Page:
“I never bothered the children with the Holocaust and all that. I never told them anything,” said Hanna. For our interview we sat with her two daughters and two granddaughters as she told us about her escape from Germany on the Kindertransport. Her parents and brother stayed behind and perished in Auschwitz.
Hanna had a comfortable life in a wealthy family in Germany. Her father was in the grain business and the family lived in a large home with a cook and housekeeper. She talked of their vacations at the Baltic Sea and skiing in Switzerland. In our conversation she frequently came back to the wonderful life she had with her family, a life documented in photos sent by her parents and lovingly preserved by Hanna. That life began to change as the Nazis came to power.
Hanna’s children had in fact heard some stories from her that were quite vivid. They remembered her talking of the family buying her father out of a concentration camp. He went in with black hair and came out with gray hair. She had also talked about the Nazis pushing their piano out the window. Thrown out of their home they had gone to stay with a friend of her father’s so were not at home when it occurred. They lived with the friend for a year. As the climate worsened Hanna was sent to a Jewish boarding school, one she described as “for kids who don’t have parents or can’t go home anymore”. She recalled the beautiful country in which it was located, but that they closed the whole thing down at the time she left. “No Jews, so that was the end of that,” she said.
“When I was sixteen I immigrated to England. I was all on my own already. My mother packed my suitcase and whatever she wanted me to take to America later on. I went to England with the children’s transport. I went to a very nice family who needed help for their kids and taking care of the house. A Quaker family. I went to church with them on Sunday. A different life.”
It was a difficult adjustment for Hanna who mourned for the life she left. “I was very lonesome. The only person having to go from my house. Lots of other kids went too, and different ages. For me it was awful.”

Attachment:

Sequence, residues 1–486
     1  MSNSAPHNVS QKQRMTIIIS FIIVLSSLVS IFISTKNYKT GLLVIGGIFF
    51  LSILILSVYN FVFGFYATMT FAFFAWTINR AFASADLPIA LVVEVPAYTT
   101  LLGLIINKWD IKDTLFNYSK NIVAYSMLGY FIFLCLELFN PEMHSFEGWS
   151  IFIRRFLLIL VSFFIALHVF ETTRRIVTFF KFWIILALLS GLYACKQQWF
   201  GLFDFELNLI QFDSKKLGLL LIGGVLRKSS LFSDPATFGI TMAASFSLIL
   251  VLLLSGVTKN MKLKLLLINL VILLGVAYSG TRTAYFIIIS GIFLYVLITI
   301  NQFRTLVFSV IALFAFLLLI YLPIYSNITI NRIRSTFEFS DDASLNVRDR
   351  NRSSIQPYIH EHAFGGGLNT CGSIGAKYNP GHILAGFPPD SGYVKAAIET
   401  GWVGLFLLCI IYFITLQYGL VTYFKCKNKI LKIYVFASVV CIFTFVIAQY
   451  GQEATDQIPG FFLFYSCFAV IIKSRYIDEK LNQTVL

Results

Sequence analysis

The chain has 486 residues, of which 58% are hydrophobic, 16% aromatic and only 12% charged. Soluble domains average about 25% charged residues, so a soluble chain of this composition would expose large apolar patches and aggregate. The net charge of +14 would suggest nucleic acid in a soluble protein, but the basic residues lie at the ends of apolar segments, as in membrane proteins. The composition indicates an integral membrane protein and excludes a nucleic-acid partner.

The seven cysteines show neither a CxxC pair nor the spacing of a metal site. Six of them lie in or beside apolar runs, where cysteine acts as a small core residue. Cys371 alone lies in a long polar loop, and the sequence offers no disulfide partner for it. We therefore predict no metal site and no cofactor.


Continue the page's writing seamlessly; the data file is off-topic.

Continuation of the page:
Hanna also faced the language difficulties of every immigrant. While she spoke French and German, she spoke no English. “I learned English with my dictionary. I had a German-English dictionary. I still have it. I had that with me all the time. The lady was very nice, that couple was very nice and the child, so they taught me. You learn. When you’re young, you learn easier than when you’re older.”
Suddenly she was thrust from a world where she had everything to one where she was responsible for caring for a house, a responsibility of the housekeeper in her childhood home. “It’s not easy living in somebody else’s house either, being the second dog….the English people are very fussy. The bricks in front of the fireplaces, they have polished bricks and they had to be polished every day.”
She eagerly awaited any word from her family which came in the form of Red Cross letters, letters sent by the Red Cross on their behalf. “You didn’t write much because you knew somebody else was in between.”
Hanna pulled out her photo albums in which she kept her Red Cross letters. She told us that her parents were very good about writing, “and then everything stopped”.
Her granddaughter asked in puzzlement, “ Did you get any news? Did you get any notice that your parents had died, your brother?
Hanna replied, “ No, I never did. The only thing, I found out because I didn’t get any more Red Cross letters.”
After three years in England she decided to become a nurse. She had a choice of nursing or working in a munitions factory, so she chose nursing. She cared for soldiers in an Army hospital in England during the war and later was able to come to the United States where she finished her training.
Her mother had a brother who had gone to South Africa. He later joined his girlfriend in Minneapolis. They took Hanna in and recreated the family she once had. “The couple was the best thing for me,” Hanna said. “ They took over my parents. They made everything for me. I stayed in their house for the first six months when I was here.”
When I asked her daughters what they had learned from their mother, they replied, “Survival skills. She’s a tough lady. You don’t want to be a whiner around her. She taught us to be tough. She doesn’t show her emotions really. Only, when talking about the Holocaust we don’t see any emotion from her, but in other areas the emotion comes out. She cries at weddings or somebody winning something on a game show but when it comes down to the real thing that is beneath what the tears are all about you’ll never see the tears.”
This project has been made possible in part through the Arts and Cultural Heritage Fund through the vote of Minnesotans on November 4, 2008. Administered by the Minnesota Historical Society.